July 2009 Archives

YUI3 Version of Chroma-Hash

Chroma Hash Logo ImageMattt Thompson recently released this really cool jQuery script called Chroma-Hash, which visualizes a user’s password as they type it as a series of colored bars. The idea is that this will allow a user to see when their password is wrong, rather than simply submitting the form, and hoping for the best.

In light of recent discussions on the internet, which Bruce Schneier covers very well on his blog. Keeping track of passwords is hard, and typing in strong password, and knowing you’ve done it correctly, is difficult when masking in enabled. But, there are good security reasons.

Read Schneier’s posts, and the source material. The basics of the issue is that, if password masking does nothing else, it reminds the user that, “Hey! This is secure information!!!” But, also, typing is passwords is hard, and it’s really frustrating when you get it wrong. Chroma-Hash is an interesting experiment at solving this problem, by keeping the password hidden, while still providing visual feedback about what it is.

Mattt posted an example on his github page, and shared the source, but his blog post above talks the most about the current implementations limitations. That it uses MD5 (known to be weak to certain classes of crypto-attacks), and theoretically, someone watching someone put in their password could try to reverse engineer a password based on the characters that are being entered. These attacks are, in my opinion, extremely unlikely, but it is something to keep in mind.

Thompson mentions some potential improvements to the method, such as using SHA-1 instead of MD5 (given that the MD5 code is about 7k of the 9k of JavaScript, I don’t think it’s worth it, at least not without being able to include the hashing algorithm externally), or salting the input, or a few other things. My plan, as it stands, is to keep pace with Mattt’s repository, so that the YUI3 version will be functionally identical to the jQuery version.

The YUI3 version is up on github now, and I put up a YUI3 example page as well.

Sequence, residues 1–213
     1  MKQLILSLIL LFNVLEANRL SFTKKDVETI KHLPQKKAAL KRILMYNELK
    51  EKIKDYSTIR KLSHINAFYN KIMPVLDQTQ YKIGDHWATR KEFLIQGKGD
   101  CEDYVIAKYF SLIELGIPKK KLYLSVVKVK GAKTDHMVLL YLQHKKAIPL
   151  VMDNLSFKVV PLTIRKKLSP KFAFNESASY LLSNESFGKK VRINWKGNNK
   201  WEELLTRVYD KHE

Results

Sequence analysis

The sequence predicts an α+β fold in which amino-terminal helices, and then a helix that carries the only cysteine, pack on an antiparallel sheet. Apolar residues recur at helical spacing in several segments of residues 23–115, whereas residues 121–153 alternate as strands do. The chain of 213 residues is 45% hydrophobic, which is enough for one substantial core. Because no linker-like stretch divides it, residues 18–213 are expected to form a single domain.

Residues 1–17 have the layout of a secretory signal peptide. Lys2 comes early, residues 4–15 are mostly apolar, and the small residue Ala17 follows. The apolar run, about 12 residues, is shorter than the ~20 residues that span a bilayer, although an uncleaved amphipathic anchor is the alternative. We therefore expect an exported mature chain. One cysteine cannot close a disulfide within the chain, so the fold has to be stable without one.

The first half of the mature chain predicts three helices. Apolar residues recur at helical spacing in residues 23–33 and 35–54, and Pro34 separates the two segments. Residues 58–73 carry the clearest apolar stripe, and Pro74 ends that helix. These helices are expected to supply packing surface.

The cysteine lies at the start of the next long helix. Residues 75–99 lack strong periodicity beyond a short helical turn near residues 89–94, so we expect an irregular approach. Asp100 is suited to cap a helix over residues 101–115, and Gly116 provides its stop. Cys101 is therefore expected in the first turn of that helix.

As an aside, while my YUI3 implementation is a tiny bit tighter than Mattt’s jQuery one, the difference in library size is really impressive. It looks like YUI3’s loader is able to load about 25k less worth of library script than jQuery. I’ve really got to commend the YUI team on how well they’ve been able to keep file weight down, as well how great the loader does at loading no more than is strictly needed.

IE Hates Fieldsets, Continued

Last week, I posted about how Internet Explorer doesn’t handle fieldsets very well. I focused a lot on the styling issues, which have been covered before, and realized I may not have touched appropriately on the second issue.

As I said before, any content before the legend tag within a fieldset, IE will render outside the fieldset. This isn’t entirely IE’s fault, as it is technically an error condition. Personally, I think HTML 5 should be modified to not require the the legend to be the first (non-text) child of a fieldset, but in the meantime, Internet Explorer’s failure mode leads to some interesting side-effects.

This is because, while the visual representation of that element is outside the fieldset in question, the DOM places the element within the fieldset. This can lead to some strange behaviour in situations like the following:

Viewed in Internet Explorer, each time you click the button, you’ll see the color of the paragraph shown both inside and outside the fieldset change. If you do query selectors, you’ll find two paragraphs within the fieldset, even though only one is rendered inside. This disconnect between the DOM and the visual representation of the page has some interesting implications, and it shows, in my opinion, a particularly poor choice in handling the error condition on the part of the IE team.